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Meet The Directing Duo Behind Calvin Klein's A$AP Mob SS18 Campaign

Jason Sondock and Simon Davis met on a late-night film set six years ago while studying at NYU Tisch School of the Arts. It took the pair around three years and dozens of fashion and music projects to establish themselves as Rubberband.

Despite being relatively new on the scene, the duo have already directed projects for Raf Simons‘ latest Calvin Klein campaign (seen in the video below), Alexander Wang and Under Armour, whilst also developing short-form fiction projects and music videos for their close friend Topaz Jones.

On a conceptual level, each of their videos is remarkably different, yet what ties it together, and has long been Rubberband’s signature, is their ability to fuel strong emotion within a bat of an eye. 

Simon and Jason are invested in their projects from start to finish, often editing and shooting it themselves. A large emphasis is placed on the technicality, a distinctive depth of field is envisioned, a custom set is built, and the most fitting – and sometimes archaic – camera equipment is sourced for each and every shoot in order to convey a cohesive and emotive narrative that has a lasting effect on its viewer.

Undine: First up, how did you get into making music videos?
Jason: We met at NYU and did music videos for a while. I don’t think either one of us went to class much.

Undine: What did you study?
Jason: We both were at Tisch, studied film and minored in English. Looking back, I don’t know if college was the right choice. We live in a completely different world today, where going to college is this incredibly expensive arduous task that is, especially in creative fields, totally unnecessary. The amount of life experience you could have bought for that. Werner Herzog has this whole idea how the best way to make a film, the best way to become a filmmaker, is to walk across Europe. The only way to ever make films is to have life experience that impregnates all these ideas that you have. Without these experiences, you end up having an empty lens that you look at life through.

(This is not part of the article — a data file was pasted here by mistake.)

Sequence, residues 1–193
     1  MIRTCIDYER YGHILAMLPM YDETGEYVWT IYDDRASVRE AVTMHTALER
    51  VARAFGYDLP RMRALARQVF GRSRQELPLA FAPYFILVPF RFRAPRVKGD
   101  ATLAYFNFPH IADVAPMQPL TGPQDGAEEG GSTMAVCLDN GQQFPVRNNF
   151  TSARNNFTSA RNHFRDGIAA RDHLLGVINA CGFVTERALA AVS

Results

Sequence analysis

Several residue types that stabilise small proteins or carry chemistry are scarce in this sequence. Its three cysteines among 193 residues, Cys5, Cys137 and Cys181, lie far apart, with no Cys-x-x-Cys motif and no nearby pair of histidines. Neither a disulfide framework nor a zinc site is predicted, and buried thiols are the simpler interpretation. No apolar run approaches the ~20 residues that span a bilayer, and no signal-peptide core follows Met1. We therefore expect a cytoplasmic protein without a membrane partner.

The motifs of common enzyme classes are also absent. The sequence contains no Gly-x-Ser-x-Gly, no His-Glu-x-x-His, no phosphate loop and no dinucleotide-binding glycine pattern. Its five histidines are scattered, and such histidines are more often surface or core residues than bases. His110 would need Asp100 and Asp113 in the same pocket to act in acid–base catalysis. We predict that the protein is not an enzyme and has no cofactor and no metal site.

Simon: For some people it makes sense, for others it doesn’t. Teaching art is so difficult. Particularly film. You learn by doing. It’s so accessible now, you can pretty much YouTube any question you have and get your hands on gear really inexpensively. There should be a good justification as to why you’ll invest x amount of dollars into learning skills that you could teach yourself for free.
Jason: I learnt by taking risks and fucking things up so badly.
Simon: Exactly, you just learn by doing it.
Jason: I learnt so much more by doing that than I did at school, for any reason, at least about making films. Like, getting my heart broken, getting beaten up, the things you need to do to be a full-rounded person. That’s told me more about what a story is and what a film is.

Undine: Are you both from New York, or was NYU the reason why you moved here?
Jason: I’m from the city.
Simon: I grew up in New Jersey. I lived in Italy when I was really young.

Undine: I am curious about the process that you go through when picking the projects that you work on. Is there a particular way you approach that?
Simon: It really varies. I don’t think it’d be an exaggeration to say that every single job that we’ve done has come about in a slightly different way. Some of the music videos we’ve done, we’ve just been friends with the artist or their manager or their label. I think for music videos particularly, we try to understand the artist’s world, then completely forget that and look for what we think is the most interesting idea relative to the song. We marry our sensibility with what we feel has a genuine connection to the artist. In terms of coming up with ideas, you know, it’s pretty simple. We just go back and forth and toss some ideas around until something clicks.

Undine: Can you tell us more about the project with LCD Soundsystem?